Recently, ISDA has also established master confirmation agreements for equity options and variance swaps, with master confirmation agreements for equity swaps nearing completion as well. Automated matching of trades in these products can be expected to increase as master confirmations are adopted by ever-expanding groups of industry participants.

Although there are no master confirmations for interest rate derivatives, industry practice has given rise to generally accepted “intelligent default” values for most of the items to be specified in the standard ISDA confirmations for these products. [Intelligent defaults are values that are not fixed for all contracts, but rather are fixed depending upon values of basic business terms.] The existence of these sorts of standard industry practices has facilitated the automated confirmation and matching of interest rate derivatives as well.

Addressing Industry Concerns

Recognising the need for automation, ISDA, in a report issued late in 2003, set an aggressive timetable for automating the OTC derivatives marketplace, calling for the automated matching and confirmation of most derivatives trading by the end of 2005, and the related cash flow payments reconciliation and netting by 2006.

Fortunately, the industry had already begun responding with solutions before the report was issued, and it appears that there will be service offerings available to permit the ISDA goals to be met. While different solution providers have taken different approaches to automation, the key goals are the same: to provide ways for firms to match and confirm trades through the use of real-time systems, and if there are mismatches, to find quick and easy ways to correct those mismatches, while providing firms with the maximum transparency throughout the confirmation process.

A key way to achieve this is to provide a way that both counterparties are required to submit their transaction details for matching.

One of the major advantages of having a two-sided automated matching process is that it allows individual firms to operate in a very high control, post-trade environment. The automated flow of information, beginning with trade capture and flowing directly through to a central matching utility, will eliminate the risk that a market participant can legally confirm a trade that does not comport their understanding as recorded at the time of trade. This sort of automated trade matching not only reduces risk by reducing the time to confirmation, but also reduces error by virtually eliminating mistaken confirmation.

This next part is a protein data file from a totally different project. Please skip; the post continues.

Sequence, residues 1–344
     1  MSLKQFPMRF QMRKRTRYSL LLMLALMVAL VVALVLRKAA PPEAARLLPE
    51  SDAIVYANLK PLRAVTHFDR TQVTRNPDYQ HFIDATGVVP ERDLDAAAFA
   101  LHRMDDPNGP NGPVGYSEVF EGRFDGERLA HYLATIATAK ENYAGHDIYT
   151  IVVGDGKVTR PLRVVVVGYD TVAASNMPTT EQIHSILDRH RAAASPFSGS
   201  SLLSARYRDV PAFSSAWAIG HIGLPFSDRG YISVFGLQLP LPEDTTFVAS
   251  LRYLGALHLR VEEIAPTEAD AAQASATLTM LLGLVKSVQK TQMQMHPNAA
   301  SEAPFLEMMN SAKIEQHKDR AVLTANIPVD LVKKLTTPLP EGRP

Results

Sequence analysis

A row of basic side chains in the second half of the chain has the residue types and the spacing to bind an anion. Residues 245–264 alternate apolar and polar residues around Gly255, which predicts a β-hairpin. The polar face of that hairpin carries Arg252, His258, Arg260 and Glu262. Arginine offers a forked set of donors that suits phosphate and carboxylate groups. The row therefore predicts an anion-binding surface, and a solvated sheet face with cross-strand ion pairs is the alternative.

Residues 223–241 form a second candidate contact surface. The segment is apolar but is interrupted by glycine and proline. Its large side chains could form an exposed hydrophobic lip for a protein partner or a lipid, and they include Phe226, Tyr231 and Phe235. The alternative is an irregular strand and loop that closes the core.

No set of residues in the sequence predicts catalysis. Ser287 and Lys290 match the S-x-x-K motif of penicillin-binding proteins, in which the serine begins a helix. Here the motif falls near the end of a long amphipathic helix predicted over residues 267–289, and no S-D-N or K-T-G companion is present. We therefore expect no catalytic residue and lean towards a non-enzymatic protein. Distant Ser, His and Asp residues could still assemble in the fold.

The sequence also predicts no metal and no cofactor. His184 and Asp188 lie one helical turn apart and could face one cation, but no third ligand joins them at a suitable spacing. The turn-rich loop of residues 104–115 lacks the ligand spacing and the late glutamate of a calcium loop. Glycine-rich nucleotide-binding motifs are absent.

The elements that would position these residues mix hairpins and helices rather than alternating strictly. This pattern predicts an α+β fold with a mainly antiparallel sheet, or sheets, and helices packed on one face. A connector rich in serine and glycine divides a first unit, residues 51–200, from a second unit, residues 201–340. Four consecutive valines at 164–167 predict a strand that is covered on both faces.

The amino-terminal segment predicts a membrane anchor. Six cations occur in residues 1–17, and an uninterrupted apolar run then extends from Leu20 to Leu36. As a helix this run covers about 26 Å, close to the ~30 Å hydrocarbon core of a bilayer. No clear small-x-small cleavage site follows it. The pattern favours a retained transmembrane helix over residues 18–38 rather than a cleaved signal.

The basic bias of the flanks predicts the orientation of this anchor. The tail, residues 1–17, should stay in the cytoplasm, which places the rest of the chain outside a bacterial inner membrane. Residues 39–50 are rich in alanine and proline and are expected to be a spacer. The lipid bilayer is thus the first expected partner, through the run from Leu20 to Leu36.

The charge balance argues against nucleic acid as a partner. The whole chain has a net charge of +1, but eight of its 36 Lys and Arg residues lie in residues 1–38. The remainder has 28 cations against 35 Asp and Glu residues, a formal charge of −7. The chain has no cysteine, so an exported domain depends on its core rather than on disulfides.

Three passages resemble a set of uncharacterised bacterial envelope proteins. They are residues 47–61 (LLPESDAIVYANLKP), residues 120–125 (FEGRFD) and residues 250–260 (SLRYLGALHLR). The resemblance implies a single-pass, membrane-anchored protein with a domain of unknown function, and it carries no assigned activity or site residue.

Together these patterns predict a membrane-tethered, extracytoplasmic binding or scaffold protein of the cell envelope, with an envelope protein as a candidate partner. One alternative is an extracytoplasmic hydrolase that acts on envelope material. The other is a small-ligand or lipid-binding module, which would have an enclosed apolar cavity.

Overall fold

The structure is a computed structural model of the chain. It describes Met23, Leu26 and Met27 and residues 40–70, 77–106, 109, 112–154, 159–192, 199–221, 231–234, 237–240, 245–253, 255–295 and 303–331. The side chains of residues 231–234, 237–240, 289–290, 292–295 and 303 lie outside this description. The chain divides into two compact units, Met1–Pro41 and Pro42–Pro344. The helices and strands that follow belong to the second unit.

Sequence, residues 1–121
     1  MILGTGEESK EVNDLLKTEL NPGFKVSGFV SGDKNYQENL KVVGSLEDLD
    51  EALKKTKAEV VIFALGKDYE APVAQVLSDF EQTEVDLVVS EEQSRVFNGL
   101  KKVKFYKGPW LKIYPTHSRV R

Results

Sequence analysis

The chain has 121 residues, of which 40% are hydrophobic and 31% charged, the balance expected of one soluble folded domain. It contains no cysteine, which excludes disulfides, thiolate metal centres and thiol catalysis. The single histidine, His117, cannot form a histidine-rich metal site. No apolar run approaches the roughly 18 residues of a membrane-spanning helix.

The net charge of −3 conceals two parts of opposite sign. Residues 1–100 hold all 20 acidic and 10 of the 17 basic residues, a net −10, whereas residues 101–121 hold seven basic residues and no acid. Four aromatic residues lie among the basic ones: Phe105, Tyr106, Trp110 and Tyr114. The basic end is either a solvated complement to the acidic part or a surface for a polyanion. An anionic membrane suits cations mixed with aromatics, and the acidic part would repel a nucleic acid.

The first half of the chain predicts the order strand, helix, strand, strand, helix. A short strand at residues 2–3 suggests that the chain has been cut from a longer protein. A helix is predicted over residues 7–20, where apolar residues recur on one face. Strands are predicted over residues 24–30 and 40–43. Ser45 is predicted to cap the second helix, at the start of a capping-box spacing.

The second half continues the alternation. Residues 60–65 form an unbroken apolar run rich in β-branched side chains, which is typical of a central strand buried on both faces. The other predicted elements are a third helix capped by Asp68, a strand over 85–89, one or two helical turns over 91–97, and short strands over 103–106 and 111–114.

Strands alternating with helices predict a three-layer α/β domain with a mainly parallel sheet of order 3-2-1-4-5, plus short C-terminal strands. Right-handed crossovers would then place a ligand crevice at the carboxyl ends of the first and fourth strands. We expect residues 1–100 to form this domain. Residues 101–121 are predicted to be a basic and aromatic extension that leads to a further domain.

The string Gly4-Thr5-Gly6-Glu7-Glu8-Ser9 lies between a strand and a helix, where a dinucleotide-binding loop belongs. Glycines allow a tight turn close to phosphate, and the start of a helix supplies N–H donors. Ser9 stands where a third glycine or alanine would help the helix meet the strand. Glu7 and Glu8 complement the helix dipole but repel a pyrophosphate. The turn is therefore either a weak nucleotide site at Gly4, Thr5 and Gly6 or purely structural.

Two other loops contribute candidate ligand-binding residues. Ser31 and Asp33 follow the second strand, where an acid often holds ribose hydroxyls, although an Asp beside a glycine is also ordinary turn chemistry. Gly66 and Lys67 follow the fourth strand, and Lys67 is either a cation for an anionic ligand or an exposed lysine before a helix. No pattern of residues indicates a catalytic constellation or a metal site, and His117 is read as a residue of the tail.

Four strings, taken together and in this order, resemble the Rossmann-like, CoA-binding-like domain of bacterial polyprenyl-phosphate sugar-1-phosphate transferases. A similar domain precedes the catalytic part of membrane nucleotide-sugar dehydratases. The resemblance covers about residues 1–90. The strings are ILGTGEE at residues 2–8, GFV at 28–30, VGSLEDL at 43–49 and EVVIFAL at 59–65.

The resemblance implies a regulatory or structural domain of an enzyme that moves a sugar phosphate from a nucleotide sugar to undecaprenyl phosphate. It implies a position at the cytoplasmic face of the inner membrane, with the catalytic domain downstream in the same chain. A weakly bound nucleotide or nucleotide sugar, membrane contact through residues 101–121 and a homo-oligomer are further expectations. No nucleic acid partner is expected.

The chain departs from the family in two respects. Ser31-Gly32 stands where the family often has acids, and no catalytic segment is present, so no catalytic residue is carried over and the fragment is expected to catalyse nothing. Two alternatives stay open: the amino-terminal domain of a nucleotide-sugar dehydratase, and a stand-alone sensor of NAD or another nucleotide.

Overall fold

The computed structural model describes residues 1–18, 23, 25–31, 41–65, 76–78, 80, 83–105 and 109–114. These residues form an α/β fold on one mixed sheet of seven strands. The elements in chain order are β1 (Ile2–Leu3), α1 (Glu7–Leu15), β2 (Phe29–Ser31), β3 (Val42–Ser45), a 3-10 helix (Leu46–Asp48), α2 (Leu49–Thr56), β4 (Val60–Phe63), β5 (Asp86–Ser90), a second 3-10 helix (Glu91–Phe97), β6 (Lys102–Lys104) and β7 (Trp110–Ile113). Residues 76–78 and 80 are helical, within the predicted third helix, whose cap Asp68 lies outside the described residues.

However, any automation, even using a one-sided submission and affirmation by the contra-party, provides a much more rapid review and correction of the confirm process than paper-based manual systems. As noted above, such paper-based confirms could literally take weeks to complete – a huge risk, given the size and complexity of some of these transactions.

Using automated real-time matching systems, firms can quickly and efficiently match and confirm OTC derivatives by having both parties to the contract input details about the transaction to a service provider. In turn, the service provider, at a minimum, identifies any unmatched entries and automatically notifies both parties of the mismatches. Some systems can even suggest the best possible matches for the mismatches.

This has helped to spur a wave of new services by a host of different organisations, each initially focused on offering a confirmation service for a different OTC derivative, although many of these services are now being broadened to include a wide range of OTC derivative transactions. The leading providers of these automated confirmation services are DTCC, SwapsWire and SWIFT, but there are others. Some also offer cash flow reconciliation or settlement systems as well.

These services have only come into widespread use over the last year or so (despite some having been available for much longer). Nonetheless, they have already significantly improved the confirmation and back office operations of major market participants. Nowhere has the improvement been more dramatic than in the credit default swaps area, where, prior to the advent of automated confirmation of these transactions, the average time to confirmation among major dealers exceeded four weeks.